General Cycling Discussion Have a cycling related question or comment that doesn't fit in one of the other specialty forums? Drop on in and post in here! When possible, please select the forum above that most fits your post!

Pedal removal

Old 12-27-16, 07:22 PM
  #1  
jgw
Junior Member
Thread Starter
 
Join Date: Jun 2016
Posts: 13
Mentioned: 0 Post(s)
Tagged: 0 Thread(s)
Quoted: 4 Post(s)
Likes: 0
Liked 0 Times in 0 Posts
Pedal removal

I have a trek FX 7.2. Just got a wahoo bluesc sensor. I need to remove the pedal to install the sensor.

For the life of me I cannot figure out how to get the pedal off (it's stock or stuck). Do I use an Allen wrench or Regular wrench?

I have found YouTube videos on pedal removal, but I am still scratching my head. Anyone want point me in the right direction with a video link, web page or just a word of advice? I understand that the left side pedal is reversed.
jgw is offline  
Old 12-27-16, 07:27 PM
  #2  
badger1
Senior Member
 
badger1's Avatar
 
Join Date: Oct 2005
Location: Southwestern Ontario
Posts: 3,954
Mentioned: 17 Post(s)
Tagged: 0 Thread(s)
Quoted: 972 Post(s)
Liked 15 Times in 13 Posts
Approximate research time: <1 second:

Pedal Installation and Removal | Park Tool

If this doesn't make sense, go to LBS. You're welcome.
badger1 is offline  
Old 12-27-16, 07:35 PM
  #3  
jgw
Junior Member
Thread Starter
 
Join Date: Jun 2016
Posts: 13
Mentioned: 0 Post(s)
Tagged: 0 Thread(s)
Quoted: 4 Post(s)
Likes: 0
Liked 0 Times in 0 Posts
Thanks for the reply. I guess it is my novice nature. For my particular brand I am unsure if I need the Allen wrench or a regular wrench.
jgw is offline  
Old 12-27-16, 07:40 PM
  #4  
jgw
Junior Member
Thread Starter
 
Join Date: Jun 2016
Posts: 13
Mentioned: 0 Post(s)
Tagged: 0 Thread(s)
Quoted: 4 Post(s)
Likes: 0
Liked 0 Times in 0 Posts
Wahoo! Got it! Regular wrench. took a lot more force than I expected. The park tool article helped, especially in positioning at less than a 90 degree angle for better leverage. Now how do I get the pedal back on? (just kidding)
jgw is offline  
Old 12-27-16, 07:49 PM
  #5  
badger1
Senior Member
 
badger1's Avatar
 
Join Date: Oct 2005
Location: Southwestern Ontario
Posts: 3,954
Mentioned: 17 Post(s)
Tagged: 0 Thread(s)
Quoted: 972 Post(s)
Liked 15 Times in 13 Posts
Originally Posted by jgw View Post
Wahoo! Got it! Regular wrench. took a lot more force than I expected. The park tool article helped, especially in positioning at less than a 90 degree angle for better leverage. Now how do I get the pedal back on? (just kidding)
You'd better be!
badger1 is offline  
Old 12-27-16, 09:25 PM
  #6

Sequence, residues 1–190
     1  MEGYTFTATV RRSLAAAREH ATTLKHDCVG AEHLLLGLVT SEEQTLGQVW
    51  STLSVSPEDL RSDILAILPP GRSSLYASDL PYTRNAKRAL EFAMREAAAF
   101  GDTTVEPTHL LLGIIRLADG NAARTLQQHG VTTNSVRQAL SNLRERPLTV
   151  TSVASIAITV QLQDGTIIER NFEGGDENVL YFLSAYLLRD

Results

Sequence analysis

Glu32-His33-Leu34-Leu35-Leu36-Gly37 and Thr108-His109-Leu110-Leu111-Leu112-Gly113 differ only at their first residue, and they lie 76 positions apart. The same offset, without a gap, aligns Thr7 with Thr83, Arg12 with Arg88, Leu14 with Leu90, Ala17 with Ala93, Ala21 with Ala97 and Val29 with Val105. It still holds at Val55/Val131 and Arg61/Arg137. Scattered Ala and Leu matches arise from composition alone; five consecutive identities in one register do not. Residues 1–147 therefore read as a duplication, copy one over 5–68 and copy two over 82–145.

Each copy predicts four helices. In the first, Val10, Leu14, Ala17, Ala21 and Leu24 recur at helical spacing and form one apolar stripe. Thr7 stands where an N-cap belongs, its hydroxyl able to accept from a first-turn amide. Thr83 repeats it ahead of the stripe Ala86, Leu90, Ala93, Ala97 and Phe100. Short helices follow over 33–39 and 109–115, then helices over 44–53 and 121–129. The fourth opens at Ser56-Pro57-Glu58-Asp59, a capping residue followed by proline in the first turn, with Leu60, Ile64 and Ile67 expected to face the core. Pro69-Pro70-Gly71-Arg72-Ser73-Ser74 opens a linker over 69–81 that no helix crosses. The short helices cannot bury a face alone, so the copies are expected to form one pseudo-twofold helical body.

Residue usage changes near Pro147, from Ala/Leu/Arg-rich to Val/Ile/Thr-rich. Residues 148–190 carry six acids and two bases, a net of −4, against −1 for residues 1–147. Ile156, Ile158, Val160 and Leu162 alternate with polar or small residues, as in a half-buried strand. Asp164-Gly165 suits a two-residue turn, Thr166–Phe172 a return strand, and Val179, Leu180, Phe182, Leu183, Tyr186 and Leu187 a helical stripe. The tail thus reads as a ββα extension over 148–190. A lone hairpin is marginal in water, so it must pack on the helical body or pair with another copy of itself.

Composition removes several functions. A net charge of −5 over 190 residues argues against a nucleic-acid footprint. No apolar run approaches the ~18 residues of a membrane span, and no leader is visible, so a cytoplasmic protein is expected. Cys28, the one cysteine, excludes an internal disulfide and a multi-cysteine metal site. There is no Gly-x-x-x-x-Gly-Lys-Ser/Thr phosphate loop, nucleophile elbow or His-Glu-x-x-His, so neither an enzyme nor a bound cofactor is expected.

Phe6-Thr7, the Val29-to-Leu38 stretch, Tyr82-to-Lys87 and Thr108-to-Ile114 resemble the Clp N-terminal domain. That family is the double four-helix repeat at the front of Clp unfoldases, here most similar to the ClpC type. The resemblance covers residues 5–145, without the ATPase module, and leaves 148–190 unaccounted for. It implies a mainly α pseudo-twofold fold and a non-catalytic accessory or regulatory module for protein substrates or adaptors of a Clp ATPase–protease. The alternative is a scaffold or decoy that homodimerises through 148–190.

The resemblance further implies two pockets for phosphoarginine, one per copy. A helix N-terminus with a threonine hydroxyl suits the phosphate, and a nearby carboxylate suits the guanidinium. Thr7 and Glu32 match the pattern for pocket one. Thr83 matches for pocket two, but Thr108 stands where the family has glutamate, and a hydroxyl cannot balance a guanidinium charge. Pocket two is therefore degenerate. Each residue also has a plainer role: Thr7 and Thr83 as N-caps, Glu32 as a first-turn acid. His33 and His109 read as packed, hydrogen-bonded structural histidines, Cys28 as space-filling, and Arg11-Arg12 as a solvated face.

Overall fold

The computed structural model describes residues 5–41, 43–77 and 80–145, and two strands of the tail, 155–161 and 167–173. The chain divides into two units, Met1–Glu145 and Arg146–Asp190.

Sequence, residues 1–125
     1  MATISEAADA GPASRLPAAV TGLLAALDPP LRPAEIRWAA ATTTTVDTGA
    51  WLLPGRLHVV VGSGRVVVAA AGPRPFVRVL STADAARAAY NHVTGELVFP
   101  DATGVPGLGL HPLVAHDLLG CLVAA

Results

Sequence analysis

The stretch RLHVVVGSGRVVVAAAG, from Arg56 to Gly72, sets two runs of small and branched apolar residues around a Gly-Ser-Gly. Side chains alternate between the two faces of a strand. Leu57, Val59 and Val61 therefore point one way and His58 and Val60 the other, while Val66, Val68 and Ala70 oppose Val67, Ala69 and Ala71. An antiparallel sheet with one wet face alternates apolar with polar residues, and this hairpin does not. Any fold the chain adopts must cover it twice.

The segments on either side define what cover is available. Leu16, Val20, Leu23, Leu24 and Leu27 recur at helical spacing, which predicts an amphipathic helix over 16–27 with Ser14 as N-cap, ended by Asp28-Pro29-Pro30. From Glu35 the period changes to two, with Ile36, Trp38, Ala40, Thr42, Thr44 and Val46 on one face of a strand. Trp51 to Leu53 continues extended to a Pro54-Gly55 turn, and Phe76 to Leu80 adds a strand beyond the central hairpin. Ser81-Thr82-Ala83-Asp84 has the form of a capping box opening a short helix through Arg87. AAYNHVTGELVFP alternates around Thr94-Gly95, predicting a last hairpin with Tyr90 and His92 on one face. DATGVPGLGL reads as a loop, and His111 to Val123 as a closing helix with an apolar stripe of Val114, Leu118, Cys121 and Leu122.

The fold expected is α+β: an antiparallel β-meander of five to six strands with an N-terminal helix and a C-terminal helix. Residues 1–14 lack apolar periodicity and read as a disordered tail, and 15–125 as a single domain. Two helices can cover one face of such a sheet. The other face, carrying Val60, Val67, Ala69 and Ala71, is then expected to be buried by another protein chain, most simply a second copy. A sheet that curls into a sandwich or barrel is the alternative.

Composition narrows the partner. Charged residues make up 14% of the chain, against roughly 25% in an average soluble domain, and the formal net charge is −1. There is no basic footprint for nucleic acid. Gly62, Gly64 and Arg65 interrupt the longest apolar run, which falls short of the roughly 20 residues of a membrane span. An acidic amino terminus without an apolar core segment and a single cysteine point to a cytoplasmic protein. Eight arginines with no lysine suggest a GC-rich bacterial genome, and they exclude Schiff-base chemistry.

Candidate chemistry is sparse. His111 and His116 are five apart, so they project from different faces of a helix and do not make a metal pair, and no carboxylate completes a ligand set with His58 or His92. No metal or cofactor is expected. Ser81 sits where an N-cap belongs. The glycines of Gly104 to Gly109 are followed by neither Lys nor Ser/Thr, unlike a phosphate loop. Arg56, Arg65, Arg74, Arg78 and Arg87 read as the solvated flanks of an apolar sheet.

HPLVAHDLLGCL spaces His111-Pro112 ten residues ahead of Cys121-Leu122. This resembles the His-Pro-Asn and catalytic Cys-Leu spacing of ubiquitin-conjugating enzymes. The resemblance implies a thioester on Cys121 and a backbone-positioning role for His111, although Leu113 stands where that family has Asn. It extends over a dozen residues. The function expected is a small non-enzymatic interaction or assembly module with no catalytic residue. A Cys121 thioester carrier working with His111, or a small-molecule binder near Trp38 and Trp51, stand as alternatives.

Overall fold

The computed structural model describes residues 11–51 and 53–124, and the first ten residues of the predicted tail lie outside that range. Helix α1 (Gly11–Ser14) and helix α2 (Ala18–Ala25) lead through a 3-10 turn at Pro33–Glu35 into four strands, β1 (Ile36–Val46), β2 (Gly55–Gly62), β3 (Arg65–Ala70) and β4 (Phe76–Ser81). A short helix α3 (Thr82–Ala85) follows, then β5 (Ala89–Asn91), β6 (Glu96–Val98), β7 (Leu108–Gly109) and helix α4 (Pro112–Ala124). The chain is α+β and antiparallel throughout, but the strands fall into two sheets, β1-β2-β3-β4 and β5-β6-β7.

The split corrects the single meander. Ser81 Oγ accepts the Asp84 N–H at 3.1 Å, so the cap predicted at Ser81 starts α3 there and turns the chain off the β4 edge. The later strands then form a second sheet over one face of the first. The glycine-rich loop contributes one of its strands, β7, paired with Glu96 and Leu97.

Homebrew01
Super Moderator
 
Homebrew01's Avatar
 
Join Date: Jul 2004
Location: Ffld Cnty Connecticut
Posts: 21,021

Bikes: Old Steelies I made, Old Cannondales

Mentioned: 10 Post(s)
Tagged: 0 Thread(s)
Quoted: 786 Post(s)
Likes: 0
Liked 17 Times in 16 Posts
Originally Posted by jgw View Post
Wahoo! Got it! Regular wrench. took a lot more force than I expected. The park tool article helped, especially in positioning at less than a 90 degree angle for better leverage. Now how do I get the pedal back on? (just kidding)
But seriously, smear a dab of grease on the threads first, and just tighten it "snug"... No need to go nuts tightening, since pedaling will end up tightening it a bit more.

Also, it should go in most of the way by hand. Don't force it with a wrench...it might be cross threaded if it's hard to turn right at the beginning..
__________________
Bikes: Old steel race bikes, old Cannondale race bikes, less old Cannondale race bike, crappy old mtn bike.

FYI: http://www.bikeforums.net/forum-sugg...ad-please.html
Homebrew01 is offline  
Old 12-27-16, 09:39 PM
  #7  
bulldog1935
Banned.
 
Join Date: Jul 2016
Location: downtown Bulverde, Texas
Posts: 2,721

Bikes: '74 Raleigh International utility; '98 Moser Forma road; '92 Viner Pro CX upright

Mentioned: 44 Post(s)
Tagged: 0 Thread(s)
Quoted: 939 Post(s)
Likes: 0
Liked 1 Time in 1 Post
depends on the pedal
I have some Straightline Amp pedals that needs to be torqued or they'll come loose.

Left pedal is LH thread, Right pedal is RH thread.

All modern pedals have a hex socket. Most also have wrench flats.

easiest way to remember on all pedals is tightening top goes to front, loosening top goes to rear

Last edited by bulldog1935; 12-27-16 at 09:43 PM.
bulldog1935 is offline  
Old 12-28-16, 08:05 AM
  #8  
rumrunn6
Senior Member
 
rumrunn6's Avatar
 
Join Date: Jul 2008
Location: 25 miles northwest of Boston
Posts: 22,660

Bikes: Bottecchia Sprint, GT Timberline 29r

Mentioned: 84 Post(s)
Tagged: 0 Thread(s)
Quoted: 2956 Post(s)
Liked 47 Times in 42 Posts
I should get a pedal wrench. my other wrenches can sometimes be a hassle to squeeze into the tight space between the pedal & the crank arm
rumrunn6 is offline  
Old 12-28-16, 01:26 PM
  #9  
John_V 
Senior Member
 
John_V's Avatar
 
Join Date: Jun 2011
Location: Tampa, Florida
Posts: 5,297

Bikes: 2017 Colnago C-RS, 2012 Colnago Ace, 2010 Giant Cypress hybrid

Mentioned: 3 Post(s)
Tagged: 0 Thread(s)
Quoted: 310 Post(s)
Liked 3 Times in 3 Posts
Originally Posted by jgw View Post